On a related note: If other people are interested in modern French names for beef cuts, they might want to look at: Bœuf

BDL
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post #20 of 29
Thread Starter 
That's standard American? I had no idea. Hmm...

I guess over here in America Sirloin, and even Top Sirloin is relegated to mass steakhouses. Seems like "finer" restaurants serve only Filet, Ribeye, Strip, and other trendy cuts. Top Sirloin is a wonderfully tender cut and much more affordable than those other more pedigreed cuts.
post #21 of 29
The numbers I post are standard numbers for American beef. Any Chef in the USA should be able to order from a meat purveyor with that number. Setting aside the sirloin strip many high end steak houses in the US serve a sirloin.
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post #22 of 29
I dunno if you could call it a classic, but I love Prudhomme's roasted sirloin. You cut deep incisions across the grain and stuff with heavily carmelized mirepoix, then crust with cajun seasoning and roast. Very tasty.

With the price of tenderloin being so high I see a lot of Steak Au Poivre made with sirloin around here, fwiw.
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"Excellence is an art won by training and habituation. We do not act rightly because we have virtue or excellence, but we rather have those because we have acted rightly. We are what we repeatedly do. Excellence, then, is not an act but a habit." - Aristotle
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post #23 of 29
[QUOTE=boar_d_laze;283912]Modern French may be as it may be, but the OED as well as every other responsible etymological source I could find on the net, cites the origin of the term "sirloin," as the ME (middle English) "surloine," which in turn was derived from the OF (old French) "surlonge," which itself was a contraction of "sur la longe."

The original question posted by Kuan was ' Is there any classic preperations for top sirloin' my responce was to that question and I added a bit of trivia for the interest of other readers.
This was not a question of spelling but origin.
If you read the recipe below for Beef Royal taken from the Lady Hannah Glasse book, The art of cookery published in 1747 [A book by the way is how us old folk find out information] you will see that she does indeed refer to the cut as Surloin of beef however at no point throughout the book does does she refer to a loin of Venison, veal, lamb or pork as a surloin.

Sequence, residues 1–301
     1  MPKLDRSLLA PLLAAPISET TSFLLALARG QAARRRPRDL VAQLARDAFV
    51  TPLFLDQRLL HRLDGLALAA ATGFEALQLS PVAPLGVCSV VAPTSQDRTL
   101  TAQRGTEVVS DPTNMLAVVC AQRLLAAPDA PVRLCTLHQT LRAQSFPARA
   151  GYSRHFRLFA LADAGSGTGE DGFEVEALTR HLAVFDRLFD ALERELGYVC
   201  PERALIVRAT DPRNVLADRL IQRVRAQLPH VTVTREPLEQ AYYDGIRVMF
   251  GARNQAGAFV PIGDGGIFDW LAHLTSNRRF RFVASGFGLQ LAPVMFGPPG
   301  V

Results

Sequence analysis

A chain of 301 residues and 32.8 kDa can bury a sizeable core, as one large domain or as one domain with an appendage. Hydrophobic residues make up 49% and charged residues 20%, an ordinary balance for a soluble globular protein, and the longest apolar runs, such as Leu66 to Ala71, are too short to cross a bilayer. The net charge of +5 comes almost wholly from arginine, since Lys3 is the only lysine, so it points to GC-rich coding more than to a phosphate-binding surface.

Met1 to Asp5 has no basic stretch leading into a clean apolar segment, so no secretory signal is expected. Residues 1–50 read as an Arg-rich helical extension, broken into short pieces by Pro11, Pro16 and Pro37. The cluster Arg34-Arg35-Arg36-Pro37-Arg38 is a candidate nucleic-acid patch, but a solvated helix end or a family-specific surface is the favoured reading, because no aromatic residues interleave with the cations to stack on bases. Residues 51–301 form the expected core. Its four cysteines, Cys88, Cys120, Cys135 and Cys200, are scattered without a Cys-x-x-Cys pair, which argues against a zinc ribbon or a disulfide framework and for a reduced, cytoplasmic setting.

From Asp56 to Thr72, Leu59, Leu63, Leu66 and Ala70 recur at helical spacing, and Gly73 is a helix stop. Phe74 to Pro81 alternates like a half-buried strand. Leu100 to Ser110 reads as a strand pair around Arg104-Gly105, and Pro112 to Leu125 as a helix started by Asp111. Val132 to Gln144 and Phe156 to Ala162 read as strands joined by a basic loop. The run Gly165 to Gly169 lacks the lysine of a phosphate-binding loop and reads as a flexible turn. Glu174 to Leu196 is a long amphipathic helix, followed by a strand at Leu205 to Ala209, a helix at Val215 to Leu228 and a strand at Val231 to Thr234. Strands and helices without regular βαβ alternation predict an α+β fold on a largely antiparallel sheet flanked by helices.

I subscibe to the theory that 'just because its not on the internet does not mean it did not happen and just because its on the internet does not mean its true'.
steve
post #24 of 29
As promised recipe from the Lady hanah book of 1747.
Beef Royal
Take a surloin of beef, or large rump, bone it and beat it very well, then lard it with bacon, feafon it with salt, pepper, mace,cloves and nutmeg, all beat fine, fome lemon-peel cut fmall and fome sweet herbs. in the mean time make ftrong broth of the bones, take a piece of butter with a little flower brown it, put in the beef, keep it turning often till it is brown, then ftrain the broth, put all together into a pot, put in bay-leaf, a few truffles, and some ox palates cut fmall. cover it clofe, and let it ftew till it is tender, take out the beef, skim off all the fat, pour in a pint of claret, fome fryd oyfters, an anchovy and fome gerkins fhred fmall. boil altogether put in the beef to warm, thicken your sauce with a piece of butter rolled in flour, or mushroom powder, or burnt butter. Lay you meat in a difh pour sauce over it and fend it to table. This may be eat hot or cold.
This is copied from the recipe so please do not write in with spellig corrections or to tell me my keyboard as a fault with f for s
Steve
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post #25 of 29
Hey Kuan! Looks like you definitely got more answer than you bargained for here.:look:

I'm not sure about how far back you consider classic but if you want to go steakhouse classic...........:rolleyes:

Black and Blue Baseball cut baby!!!!!!!!!! Maybe a side of a bleu vein mold cheese (sauce or crumbles but I prefer the crumbles :cool: ), a couple monkey dishes filled with some fettuccine Alfredo, Broccoli almondine and or creamed spinach.............Now that's classic! ;)
post #26 of 29
Thread Starter 
post #27 of 29
Top sirloins like yours are carried by all Costco's AFAIK. $2.50# for choice here and $4.99 for prime when they have it. No need to tie them. I grill them often. They have a nice flavor.
I think the most wonderful thing in the world is another chef. I'm always excited about learning new things about food.
Paul Prudhomme
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I think the most wonderful thing in the world is another chef. I'm always excited about learning new things about food.
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post #28 of 29
Thread Starter 
Well mine looked like it wanted to be tied. The two sections seem like they wanted to separate.
post #29 of 29
I do get those pieces in the Costco packs as well. Unfortunately the texture is very different on the piece that wants to separate and it's not connected by any thing other than fat. Tying doesn't do a lot for it IMO, not that tying hurts any, although it might slow you down a bit pan roasting. What I like about thick Top Sirloins is that I can turn off the BGE after I sear them. They absorb plenty of smoke as they rest. While not as tender as some other steaks they have a great flavor.
So others have a better idea of what we are talking about here is a shot of a Sirloin similar to yours before it was cooked.


I think the most wonderful thing in the world is another chef. I'm always excited about learning new things about food.
Paul Prudhomme
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I think the most wonderful thing in the world is another chef. I'm always excited about learning new things about food.
Paul Prudhomme